On Wednesday, the Texas Senate unanimously passed all three property tax relief proposals prioritized by Texas Lt. Gov. Dan Patrick.
Property Tax Relief ‘Package’
Of the three pieces of legislation considered as a part of the prioritized property tax relief package, Senate Bill 3, authored by Republican State Sen. Paul Bettencourt (Houston), seeks to increase the homestead exemption from $40,000 to $70,000 while also allowing seniors or disabled Texans to deduct an additional $30,000 (so up to $100,000).
Senate Bill 4, also authored by Bettencourt, uses an additional $5.4 billion to provide an additional 7 cents worth of rate compression (amounting to about 74 cents per $100 value by 2025). It also uses an additional $0.4 billion to reduce recapture.
Senate Bill 5, authored by Republican State Sen. Tan Parker (Flower Mound), simultaneously works to exempt the first $25,000 of personal property claimed by a business from the property tax. It also provides a new franchise tax credit of up to 20% of the amount of property taxes paid on the inventory itself.
What Is Next?
The property tax relief package now goes to the Texas House of Representatives. It is unclear whether it will be considered, given that Texas House leadership has prioritized legislation that takes a different approach to property tax relief.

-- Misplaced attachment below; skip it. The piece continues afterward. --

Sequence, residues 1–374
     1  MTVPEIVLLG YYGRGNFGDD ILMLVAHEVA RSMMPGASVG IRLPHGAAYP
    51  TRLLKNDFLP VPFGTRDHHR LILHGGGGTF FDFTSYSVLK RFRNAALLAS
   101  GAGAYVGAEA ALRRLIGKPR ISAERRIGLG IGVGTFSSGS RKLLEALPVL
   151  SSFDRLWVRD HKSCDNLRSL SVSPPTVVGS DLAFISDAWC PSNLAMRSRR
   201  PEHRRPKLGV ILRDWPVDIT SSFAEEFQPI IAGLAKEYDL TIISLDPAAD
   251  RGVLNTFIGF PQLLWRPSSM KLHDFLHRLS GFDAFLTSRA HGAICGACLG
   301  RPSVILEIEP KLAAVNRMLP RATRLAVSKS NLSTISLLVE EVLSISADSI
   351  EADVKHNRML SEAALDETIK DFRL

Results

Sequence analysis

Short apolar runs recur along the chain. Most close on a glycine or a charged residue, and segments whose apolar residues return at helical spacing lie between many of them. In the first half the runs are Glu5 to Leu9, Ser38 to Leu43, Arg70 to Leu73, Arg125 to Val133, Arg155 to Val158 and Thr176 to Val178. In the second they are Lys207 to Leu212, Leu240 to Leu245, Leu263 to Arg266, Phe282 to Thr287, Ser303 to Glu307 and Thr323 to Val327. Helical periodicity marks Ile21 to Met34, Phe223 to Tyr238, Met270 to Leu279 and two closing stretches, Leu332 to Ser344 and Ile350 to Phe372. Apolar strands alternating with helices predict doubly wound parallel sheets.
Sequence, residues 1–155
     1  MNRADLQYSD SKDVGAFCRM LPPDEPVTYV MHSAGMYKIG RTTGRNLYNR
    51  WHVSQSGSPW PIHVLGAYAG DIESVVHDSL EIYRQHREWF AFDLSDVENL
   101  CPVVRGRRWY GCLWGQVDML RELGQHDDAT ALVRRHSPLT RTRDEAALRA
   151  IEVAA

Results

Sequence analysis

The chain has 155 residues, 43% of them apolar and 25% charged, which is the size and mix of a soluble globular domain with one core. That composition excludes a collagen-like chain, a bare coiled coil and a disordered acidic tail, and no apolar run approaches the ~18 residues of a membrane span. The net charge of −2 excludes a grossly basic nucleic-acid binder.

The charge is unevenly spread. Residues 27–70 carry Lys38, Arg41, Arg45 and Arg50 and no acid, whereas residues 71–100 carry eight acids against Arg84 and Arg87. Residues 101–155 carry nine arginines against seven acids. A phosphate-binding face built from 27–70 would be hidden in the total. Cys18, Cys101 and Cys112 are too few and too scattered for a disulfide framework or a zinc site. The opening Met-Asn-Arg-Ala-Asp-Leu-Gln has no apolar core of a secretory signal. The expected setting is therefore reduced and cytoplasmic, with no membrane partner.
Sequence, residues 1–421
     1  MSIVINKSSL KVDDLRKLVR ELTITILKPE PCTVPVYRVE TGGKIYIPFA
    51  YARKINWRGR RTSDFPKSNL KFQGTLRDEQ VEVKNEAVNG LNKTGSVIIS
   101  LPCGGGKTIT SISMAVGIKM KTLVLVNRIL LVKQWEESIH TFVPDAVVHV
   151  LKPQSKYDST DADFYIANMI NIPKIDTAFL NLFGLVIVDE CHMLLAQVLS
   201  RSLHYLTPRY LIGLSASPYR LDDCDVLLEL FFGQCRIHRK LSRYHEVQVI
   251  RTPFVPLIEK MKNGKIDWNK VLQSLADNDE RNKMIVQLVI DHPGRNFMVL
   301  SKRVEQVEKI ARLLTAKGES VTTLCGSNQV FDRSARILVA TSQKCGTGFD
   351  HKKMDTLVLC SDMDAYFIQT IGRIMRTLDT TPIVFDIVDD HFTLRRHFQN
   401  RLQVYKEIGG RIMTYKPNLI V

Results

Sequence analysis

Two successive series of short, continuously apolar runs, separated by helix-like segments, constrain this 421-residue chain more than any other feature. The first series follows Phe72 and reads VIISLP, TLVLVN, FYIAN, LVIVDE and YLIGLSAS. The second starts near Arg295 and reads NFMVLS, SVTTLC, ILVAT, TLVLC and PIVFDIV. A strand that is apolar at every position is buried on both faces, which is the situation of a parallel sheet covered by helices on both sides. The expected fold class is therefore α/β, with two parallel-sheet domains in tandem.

House Bill 2, authored by Republican State Rep. Morgan Meyer (Dallas), recently passed out of the House Ways and Means Committee with the support of 10 of the 11 committee members. The lone nay vote was that of Democrat State Rep. Chris Turner (Grand Prairie). He took to Twitter to explain:
His opposition is notable because he echoes concerns of several organizations and individuals who testified on the legislation and are against an approach focused on lowering the appraisal cap as a means of providing property tax relief. Texans for Fiscal Responsibility (TFR) also testified to this fact, among other concerns.
It is expected that House Bill 2 will make its way to be considered by the overall House of Representatives in the next few weeks.
Regardless of which proposal wins out through the entirety of the legislative process, voters will ultimately decide once it is put on the ballot months later.
TFR has long believed that the most effective way to provide tangible property tax relief to taxpayers burdened with ever-increasing taxes is the compression or buying down of the school district M&O (Maintenance & Operations) portion of the property tax, which is about 45% of all property taxes collected by local government in Texas. It is also the largest portion that funds independent school districts across the state, which are funded by school finance formulas set by the Texas Legislature.
This legislative session provides a historic opportunity for lawmakers to provide real property tax relief and a path to the elimination of property taxes—which are highly burdensome, immoral, and costly to administer—using the existing budget surplus. Moreover, with some key policy changes, the path to elimination could be much shorter if lawmakers choose to get serious about their own spending habits and those of local governments. For a list of legislation that does all of the above, click here.
For a summary of the leading property tax relief proposals, go here.
For a one-page chart comparing the leading property tax relief proposals, go here.
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